Here’s a quick quiz. Of the following two individuals, which one is the independent financial planner and which one is the Merrill Lynch broker?
Planner A is a self-described numbers geek. He has a master’s degree in economics, swears by asset allocation and a hands-off approach to rebalancing, built his own software program to back-test portfolio performance before Morningstar Principia Pro ever came along, likes to talk about being “in the same boat as the client,” and throws around terms like Sharpe ratio, alpha, beta, and Efficient Frontier in casual conversation. He’s an independent kind of guy, too. He single-handedly manages the mutual fund portfolios in which his and his partner’s clients are invested, drives a 10-year-old car and doesn’t care who knows it (despite the fact that some of his clients have millions), and once spent three years backpacking and working his way around the globe, from St. Louis to Seattle, Austria to Australia, Fiji to New Zealand, all by himself.
Planner B, on the other hand, works in an office he doesn’t lease himself, has a cookie-cutter Web site he’s not at liberty to change, and receives commissions on some of the mutual funds his clients own. He tosses around words like “broker” and “book of business,” has a compliance officer right down the hall, and garners most of his new clients through direct-mail brochures advertising dinner seminars in local banquet rooms.
Well, duh, right? How obvious could it be? If you said B was the Merrill Lynch broker, you get a gold star for the day. But hold your horses. If you said A was the Merrill Lynch broker, you’re also correct. Planner A and Planner B are the same person.
Surprised? Kent Akins of Winter Park, Florida isn’t–and he shouldn’t be, since he’s the guy who fits both descriptions. But you might be, especially if you entered the profession back when the lines in the industry were more clearly drawn.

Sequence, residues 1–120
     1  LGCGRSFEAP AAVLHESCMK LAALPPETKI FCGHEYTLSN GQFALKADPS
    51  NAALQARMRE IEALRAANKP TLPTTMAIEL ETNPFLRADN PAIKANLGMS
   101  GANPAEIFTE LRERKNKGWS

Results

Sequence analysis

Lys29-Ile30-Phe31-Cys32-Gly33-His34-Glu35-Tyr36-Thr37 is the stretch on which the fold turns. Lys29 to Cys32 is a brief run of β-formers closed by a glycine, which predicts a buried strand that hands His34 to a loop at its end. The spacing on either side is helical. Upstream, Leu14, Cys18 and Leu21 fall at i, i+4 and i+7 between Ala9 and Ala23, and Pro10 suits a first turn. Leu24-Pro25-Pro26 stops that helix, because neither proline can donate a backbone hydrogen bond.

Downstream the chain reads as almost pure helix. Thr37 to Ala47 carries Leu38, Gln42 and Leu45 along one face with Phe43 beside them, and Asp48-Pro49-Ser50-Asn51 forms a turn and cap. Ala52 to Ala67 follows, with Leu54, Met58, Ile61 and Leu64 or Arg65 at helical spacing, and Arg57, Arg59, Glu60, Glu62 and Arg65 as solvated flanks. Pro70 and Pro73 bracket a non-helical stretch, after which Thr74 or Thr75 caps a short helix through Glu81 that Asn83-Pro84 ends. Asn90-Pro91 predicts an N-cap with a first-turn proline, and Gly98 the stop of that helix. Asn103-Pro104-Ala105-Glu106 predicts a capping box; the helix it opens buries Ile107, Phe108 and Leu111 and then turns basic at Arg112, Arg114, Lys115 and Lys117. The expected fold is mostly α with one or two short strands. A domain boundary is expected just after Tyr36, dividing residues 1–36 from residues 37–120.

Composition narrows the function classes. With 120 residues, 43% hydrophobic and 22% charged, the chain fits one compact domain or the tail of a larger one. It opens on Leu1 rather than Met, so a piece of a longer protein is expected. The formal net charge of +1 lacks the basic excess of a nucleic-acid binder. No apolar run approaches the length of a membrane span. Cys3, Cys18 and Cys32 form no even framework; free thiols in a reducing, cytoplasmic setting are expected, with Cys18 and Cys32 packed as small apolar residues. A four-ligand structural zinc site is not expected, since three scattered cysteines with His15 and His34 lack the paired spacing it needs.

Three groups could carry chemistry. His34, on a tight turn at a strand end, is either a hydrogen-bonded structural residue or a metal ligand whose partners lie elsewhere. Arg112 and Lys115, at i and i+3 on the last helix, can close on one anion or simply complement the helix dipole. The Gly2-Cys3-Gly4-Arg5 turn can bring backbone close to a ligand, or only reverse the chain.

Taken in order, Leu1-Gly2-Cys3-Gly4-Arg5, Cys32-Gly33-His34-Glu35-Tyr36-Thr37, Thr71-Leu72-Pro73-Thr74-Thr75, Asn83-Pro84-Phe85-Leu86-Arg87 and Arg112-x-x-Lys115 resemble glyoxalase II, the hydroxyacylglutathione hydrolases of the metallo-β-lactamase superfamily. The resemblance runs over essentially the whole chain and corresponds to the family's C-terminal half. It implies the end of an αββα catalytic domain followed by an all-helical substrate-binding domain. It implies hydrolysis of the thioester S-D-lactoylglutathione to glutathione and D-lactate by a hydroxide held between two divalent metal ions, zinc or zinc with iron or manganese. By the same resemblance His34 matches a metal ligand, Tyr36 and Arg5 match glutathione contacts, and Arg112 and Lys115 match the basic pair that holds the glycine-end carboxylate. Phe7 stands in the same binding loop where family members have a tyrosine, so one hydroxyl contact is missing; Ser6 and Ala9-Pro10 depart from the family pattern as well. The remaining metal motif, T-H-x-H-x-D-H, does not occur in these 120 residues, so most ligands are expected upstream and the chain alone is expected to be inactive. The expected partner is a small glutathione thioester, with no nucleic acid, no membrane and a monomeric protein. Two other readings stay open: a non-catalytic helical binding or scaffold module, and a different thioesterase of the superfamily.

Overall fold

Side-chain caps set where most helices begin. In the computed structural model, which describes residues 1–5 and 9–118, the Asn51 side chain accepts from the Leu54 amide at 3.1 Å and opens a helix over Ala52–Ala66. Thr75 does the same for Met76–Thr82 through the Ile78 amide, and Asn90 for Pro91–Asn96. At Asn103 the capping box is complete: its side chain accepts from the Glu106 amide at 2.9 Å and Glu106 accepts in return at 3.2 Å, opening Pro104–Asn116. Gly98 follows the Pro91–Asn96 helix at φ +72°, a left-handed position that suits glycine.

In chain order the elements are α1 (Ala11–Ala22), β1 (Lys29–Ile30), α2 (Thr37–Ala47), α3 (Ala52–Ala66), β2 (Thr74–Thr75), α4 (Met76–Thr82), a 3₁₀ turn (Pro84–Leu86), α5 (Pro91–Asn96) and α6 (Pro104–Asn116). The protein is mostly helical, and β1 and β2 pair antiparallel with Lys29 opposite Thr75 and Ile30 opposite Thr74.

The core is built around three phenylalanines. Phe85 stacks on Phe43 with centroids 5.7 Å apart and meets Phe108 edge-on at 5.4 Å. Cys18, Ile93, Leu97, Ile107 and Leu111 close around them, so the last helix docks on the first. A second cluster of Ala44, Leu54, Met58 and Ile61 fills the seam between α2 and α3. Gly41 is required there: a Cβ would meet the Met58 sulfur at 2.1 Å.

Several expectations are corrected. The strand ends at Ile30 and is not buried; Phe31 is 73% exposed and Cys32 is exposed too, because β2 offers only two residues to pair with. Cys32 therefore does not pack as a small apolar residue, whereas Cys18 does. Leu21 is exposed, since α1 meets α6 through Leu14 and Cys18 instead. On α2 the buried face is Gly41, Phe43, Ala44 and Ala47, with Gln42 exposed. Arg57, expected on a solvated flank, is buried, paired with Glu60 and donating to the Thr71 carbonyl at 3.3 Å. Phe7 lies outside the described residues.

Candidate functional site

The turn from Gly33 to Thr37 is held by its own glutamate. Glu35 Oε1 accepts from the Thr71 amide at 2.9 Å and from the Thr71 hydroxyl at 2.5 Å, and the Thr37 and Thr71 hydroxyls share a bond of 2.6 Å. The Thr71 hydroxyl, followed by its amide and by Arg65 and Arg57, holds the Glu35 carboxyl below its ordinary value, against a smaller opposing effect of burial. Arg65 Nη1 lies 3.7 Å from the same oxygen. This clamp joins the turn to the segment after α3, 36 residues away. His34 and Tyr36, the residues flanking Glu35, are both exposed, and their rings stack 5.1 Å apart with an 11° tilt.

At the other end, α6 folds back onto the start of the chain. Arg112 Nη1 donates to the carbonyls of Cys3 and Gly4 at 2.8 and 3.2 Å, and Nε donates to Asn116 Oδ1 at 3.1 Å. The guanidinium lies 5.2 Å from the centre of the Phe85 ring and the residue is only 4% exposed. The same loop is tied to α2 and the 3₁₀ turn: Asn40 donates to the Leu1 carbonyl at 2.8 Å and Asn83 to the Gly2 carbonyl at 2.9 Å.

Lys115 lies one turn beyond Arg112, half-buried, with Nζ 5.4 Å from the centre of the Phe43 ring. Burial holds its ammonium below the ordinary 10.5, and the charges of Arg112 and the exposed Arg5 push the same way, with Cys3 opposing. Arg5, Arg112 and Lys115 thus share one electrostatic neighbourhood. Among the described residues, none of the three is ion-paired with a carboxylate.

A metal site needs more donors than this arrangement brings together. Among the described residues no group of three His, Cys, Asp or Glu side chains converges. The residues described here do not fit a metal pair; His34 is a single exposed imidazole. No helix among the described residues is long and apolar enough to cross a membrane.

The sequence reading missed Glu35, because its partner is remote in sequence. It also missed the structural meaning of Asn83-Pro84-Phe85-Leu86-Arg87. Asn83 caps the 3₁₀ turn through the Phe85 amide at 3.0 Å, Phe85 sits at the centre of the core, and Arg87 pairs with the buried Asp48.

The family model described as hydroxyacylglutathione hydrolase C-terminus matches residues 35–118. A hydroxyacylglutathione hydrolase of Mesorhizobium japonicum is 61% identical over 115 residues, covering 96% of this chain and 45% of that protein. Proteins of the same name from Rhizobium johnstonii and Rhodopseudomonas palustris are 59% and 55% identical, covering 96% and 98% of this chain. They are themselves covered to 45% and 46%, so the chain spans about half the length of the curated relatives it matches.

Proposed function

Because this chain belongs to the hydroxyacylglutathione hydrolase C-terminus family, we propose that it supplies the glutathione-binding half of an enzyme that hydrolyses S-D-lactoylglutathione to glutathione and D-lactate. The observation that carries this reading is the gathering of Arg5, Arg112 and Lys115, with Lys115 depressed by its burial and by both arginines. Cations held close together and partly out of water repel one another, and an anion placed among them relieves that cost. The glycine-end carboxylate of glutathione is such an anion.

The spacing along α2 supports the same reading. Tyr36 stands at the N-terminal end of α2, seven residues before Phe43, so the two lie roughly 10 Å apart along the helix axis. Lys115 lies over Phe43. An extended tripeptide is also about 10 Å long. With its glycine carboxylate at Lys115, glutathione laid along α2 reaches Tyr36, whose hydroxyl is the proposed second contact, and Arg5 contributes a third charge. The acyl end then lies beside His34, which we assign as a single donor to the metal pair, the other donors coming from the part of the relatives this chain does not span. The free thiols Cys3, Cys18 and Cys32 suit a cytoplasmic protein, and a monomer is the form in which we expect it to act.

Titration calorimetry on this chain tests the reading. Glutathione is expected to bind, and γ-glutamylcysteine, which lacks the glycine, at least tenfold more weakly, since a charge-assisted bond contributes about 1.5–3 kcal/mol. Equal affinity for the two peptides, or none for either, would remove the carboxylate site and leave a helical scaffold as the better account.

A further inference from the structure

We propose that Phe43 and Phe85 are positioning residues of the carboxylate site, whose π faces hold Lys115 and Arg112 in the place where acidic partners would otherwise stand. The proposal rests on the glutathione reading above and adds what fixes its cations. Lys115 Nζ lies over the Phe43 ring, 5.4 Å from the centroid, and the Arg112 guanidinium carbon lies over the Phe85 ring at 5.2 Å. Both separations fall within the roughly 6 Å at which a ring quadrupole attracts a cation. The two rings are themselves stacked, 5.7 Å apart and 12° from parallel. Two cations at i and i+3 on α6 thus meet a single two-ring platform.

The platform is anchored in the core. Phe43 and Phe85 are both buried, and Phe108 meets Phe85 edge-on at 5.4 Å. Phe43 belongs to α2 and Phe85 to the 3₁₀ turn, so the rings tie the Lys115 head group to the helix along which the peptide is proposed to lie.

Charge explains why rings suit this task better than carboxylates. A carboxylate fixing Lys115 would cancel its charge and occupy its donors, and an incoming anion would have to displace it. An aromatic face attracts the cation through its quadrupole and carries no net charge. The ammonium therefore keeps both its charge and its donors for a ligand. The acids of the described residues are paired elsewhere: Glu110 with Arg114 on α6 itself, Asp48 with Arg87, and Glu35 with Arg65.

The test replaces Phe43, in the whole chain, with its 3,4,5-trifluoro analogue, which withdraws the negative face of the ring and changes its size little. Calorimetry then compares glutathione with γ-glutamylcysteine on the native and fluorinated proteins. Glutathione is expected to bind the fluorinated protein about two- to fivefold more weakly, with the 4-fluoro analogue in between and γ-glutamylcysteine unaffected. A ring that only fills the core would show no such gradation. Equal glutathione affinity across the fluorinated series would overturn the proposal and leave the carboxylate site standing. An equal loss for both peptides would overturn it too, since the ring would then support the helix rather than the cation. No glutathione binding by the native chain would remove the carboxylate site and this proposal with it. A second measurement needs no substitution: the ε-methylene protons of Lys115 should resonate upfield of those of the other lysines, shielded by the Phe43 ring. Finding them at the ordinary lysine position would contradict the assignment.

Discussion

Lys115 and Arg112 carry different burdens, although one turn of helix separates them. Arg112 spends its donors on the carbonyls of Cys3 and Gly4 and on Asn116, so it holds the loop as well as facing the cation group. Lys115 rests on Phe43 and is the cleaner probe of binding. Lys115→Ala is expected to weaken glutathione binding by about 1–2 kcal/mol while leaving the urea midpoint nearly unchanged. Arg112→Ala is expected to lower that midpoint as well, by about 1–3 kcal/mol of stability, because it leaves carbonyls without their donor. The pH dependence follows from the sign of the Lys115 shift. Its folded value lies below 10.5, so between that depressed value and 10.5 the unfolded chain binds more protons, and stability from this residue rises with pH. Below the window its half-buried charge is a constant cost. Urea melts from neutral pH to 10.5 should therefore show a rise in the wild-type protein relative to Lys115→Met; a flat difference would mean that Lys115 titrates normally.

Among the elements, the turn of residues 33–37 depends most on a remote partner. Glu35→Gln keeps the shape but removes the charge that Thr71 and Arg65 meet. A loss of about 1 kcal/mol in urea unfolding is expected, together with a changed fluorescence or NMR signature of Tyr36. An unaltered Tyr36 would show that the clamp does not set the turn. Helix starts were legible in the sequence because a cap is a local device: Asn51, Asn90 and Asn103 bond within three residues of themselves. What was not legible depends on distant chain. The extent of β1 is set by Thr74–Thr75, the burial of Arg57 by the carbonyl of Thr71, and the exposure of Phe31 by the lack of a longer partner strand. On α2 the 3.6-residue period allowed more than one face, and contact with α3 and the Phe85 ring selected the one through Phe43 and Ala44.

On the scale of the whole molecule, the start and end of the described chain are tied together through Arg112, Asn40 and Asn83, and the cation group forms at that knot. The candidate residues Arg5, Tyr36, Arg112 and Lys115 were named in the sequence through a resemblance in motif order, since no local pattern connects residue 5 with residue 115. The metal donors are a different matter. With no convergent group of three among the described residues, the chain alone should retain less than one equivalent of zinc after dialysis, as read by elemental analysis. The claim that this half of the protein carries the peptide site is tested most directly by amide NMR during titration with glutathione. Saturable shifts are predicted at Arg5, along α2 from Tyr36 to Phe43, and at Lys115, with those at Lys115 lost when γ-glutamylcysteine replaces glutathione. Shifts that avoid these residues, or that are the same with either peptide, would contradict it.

Granted, among the wirehouse crowd there are still slick, back-slapping, churn-happy product-pushers breaking a sweat as they shout sales pitches into their phones. And among independent planners, there are still one-man (or one-woman) shows who insist on doing everything their own way and doing it entirely themselves, thank you very much. But as wirehouses embrace financial planning, reward brokers for gaining professional designations, and promote fee-based programs, and as independent planners look to form and formalize partnerships with other professionals, share resources, and utilize third-party services, the sharp divisions between the two worlds are becoming increasingly blurred.
Some independent planners have a near-allergic reaction to the mere words “Merrill Lynch”; Merrill is Big Brother and King Kong and Goliath all rolled into one. But Akins doesn’t fit the old broker stereotype–he’s reserved, serious, academically minded–and he’s not dumb, either. If he’s still at Merrill and has no plans to leave (he doesn’t), there must be reasons. Rather than brushing him (and his tens of thousands of Merrill compatriots) off, perhaps it’s more instructive to stifle those allergies and find out what he’s up to, and why he’s still there.
What’s the Fuss?